It doesn’t stop there. Once the customer has purchased, we see them as the ultimate brand ambassador. For this reason, we make sure clients remain happy with their experience even after they made their purchase. We poll them shortly after the purchase to ensure everything is all right, and, if the pair is not to their liking, we ensure top quality service to process their returns or exchanges. We feel that keeping our community of shoppers happy is the best way to grow.

What tools do you use offline and online to measure your marketing efforts? How do you track your campaign’s success?

We are big fans of Google Analytics, of course! Our IT team has put a lot of efforts to ensure we get as much information as possible on the shopping and browsing habits of our clientele. We also find using informal polling is a big help to discover a customer’s pain points. If you ask your clients plainly how they feel about you, you tend to get honest responses.

In your opinion, what are the basic components of a perfectly optimized product page?

In our view, a perfectly optimized product page should keep the target customer in mind.

Not every product is the same, so it’s a bit hard to answer. In the case of glasses, we feel our customers are sharing their interrogations between the look of the product and the quality and safety of the item as well. Glasses are in a very special category, straddling the boundary between fashion accessory and medical device. You have to keep in mind that your customers want to look good, but also that they can see!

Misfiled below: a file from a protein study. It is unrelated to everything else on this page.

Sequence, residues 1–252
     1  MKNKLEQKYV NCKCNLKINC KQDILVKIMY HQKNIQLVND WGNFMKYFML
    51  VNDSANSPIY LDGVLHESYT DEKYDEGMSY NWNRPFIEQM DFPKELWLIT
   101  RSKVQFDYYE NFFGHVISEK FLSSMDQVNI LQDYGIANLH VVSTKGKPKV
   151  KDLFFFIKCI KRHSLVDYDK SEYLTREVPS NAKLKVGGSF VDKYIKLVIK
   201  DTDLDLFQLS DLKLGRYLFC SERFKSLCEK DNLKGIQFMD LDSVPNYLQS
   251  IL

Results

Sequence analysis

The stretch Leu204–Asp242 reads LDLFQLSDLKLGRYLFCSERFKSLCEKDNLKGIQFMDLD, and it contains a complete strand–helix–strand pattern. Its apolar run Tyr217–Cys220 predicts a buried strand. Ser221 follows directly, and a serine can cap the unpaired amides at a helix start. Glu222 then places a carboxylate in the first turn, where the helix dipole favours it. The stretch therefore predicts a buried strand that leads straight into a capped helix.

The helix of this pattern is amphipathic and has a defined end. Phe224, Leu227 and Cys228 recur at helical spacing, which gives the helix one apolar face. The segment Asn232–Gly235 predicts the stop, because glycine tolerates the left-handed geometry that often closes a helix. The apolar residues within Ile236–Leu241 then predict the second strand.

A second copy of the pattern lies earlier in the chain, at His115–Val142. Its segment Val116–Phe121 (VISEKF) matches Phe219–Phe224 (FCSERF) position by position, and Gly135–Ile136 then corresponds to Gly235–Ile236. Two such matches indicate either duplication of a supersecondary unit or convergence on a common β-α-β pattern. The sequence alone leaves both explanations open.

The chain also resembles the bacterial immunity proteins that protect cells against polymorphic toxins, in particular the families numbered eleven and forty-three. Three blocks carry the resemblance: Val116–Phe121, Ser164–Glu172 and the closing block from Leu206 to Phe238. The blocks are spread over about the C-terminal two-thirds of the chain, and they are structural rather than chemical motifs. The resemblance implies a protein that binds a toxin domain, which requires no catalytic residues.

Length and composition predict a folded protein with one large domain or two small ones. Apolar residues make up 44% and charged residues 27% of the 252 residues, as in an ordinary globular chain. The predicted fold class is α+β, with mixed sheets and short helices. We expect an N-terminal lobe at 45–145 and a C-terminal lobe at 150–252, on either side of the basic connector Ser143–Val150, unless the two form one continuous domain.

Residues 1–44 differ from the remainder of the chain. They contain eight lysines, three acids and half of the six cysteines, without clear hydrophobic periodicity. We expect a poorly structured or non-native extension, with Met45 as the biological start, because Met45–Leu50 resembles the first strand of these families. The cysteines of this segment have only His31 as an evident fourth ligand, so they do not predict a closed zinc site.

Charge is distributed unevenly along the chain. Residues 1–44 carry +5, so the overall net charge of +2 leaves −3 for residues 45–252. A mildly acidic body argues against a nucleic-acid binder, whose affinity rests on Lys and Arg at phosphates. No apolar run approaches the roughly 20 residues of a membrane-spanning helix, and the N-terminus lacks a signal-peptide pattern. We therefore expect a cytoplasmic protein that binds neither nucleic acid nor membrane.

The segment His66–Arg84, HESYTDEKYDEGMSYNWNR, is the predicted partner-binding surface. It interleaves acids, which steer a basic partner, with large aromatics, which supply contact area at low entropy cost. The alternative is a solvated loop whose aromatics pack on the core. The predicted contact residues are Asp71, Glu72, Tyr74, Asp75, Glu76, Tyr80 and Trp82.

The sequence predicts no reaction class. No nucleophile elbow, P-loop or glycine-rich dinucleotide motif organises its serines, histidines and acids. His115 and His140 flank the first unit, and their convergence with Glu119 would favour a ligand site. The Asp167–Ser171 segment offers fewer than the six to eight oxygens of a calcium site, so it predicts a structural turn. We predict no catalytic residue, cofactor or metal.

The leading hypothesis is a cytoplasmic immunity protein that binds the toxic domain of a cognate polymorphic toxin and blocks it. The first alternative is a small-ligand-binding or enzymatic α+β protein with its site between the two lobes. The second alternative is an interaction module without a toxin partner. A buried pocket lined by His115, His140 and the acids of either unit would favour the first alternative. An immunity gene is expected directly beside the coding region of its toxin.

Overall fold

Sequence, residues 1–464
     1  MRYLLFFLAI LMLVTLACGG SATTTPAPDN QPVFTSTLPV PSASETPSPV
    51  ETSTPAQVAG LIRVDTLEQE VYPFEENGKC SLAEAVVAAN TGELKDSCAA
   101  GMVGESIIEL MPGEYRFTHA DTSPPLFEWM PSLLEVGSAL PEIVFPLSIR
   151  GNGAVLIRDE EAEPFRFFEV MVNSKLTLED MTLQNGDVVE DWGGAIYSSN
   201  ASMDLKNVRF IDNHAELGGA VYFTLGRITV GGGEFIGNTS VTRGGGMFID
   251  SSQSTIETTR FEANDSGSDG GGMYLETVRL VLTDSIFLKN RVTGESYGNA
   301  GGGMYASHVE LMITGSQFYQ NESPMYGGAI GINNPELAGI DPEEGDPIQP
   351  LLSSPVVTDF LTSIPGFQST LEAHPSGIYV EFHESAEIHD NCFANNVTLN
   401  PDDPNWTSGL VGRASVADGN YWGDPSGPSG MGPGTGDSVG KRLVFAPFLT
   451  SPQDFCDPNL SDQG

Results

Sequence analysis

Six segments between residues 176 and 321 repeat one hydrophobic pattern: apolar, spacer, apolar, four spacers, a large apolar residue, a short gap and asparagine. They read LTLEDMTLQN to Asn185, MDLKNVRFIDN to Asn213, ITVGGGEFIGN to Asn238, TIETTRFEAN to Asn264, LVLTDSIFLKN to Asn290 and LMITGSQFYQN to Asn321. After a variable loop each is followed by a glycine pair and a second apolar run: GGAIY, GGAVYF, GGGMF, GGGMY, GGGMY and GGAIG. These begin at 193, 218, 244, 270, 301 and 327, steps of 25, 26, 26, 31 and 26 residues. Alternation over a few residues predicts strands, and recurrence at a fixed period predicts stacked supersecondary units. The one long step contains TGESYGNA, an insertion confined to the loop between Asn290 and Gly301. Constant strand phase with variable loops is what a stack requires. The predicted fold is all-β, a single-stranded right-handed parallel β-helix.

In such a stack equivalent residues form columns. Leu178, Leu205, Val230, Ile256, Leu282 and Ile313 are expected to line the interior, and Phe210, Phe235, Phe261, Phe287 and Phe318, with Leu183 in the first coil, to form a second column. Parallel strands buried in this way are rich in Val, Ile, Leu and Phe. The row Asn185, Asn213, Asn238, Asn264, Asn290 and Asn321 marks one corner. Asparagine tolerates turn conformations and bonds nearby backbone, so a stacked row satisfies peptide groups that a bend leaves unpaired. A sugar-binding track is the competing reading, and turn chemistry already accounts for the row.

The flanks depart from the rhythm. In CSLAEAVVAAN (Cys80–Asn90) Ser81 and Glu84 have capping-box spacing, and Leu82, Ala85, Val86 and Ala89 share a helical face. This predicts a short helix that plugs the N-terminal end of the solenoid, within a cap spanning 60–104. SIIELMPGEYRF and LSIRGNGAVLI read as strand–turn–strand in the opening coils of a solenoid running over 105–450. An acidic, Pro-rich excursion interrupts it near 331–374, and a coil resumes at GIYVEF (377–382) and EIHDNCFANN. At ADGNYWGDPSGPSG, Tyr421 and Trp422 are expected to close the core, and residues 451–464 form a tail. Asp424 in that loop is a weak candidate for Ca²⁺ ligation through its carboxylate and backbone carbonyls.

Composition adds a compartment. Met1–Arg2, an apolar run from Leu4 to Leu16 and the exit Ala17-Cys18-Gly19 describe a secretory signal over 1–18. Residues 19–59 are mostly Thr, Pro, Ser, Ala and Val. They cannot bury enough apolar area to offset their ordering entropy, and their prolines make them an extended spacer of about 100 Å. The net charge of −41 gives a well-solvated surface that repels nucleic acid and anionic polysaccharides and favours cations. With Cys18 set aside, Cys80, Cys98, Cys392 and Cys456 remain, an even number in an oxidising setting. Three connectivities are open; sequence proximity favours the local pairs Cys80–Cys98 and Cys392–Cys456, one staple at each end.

What challenges do you face while trying to optimize for search engines and driving users towards online conversions?

Our main challenge is being a David in a space increasingly filled with Goliaths. BonLook’s approach has been targeted to a very specific audience from the start and the challenge to us has been to make our message reach the right people. As always in these matters, relevance is key. If you are relevant to your audience and you can deliver great products, amazing service and great overall value, you will succeed.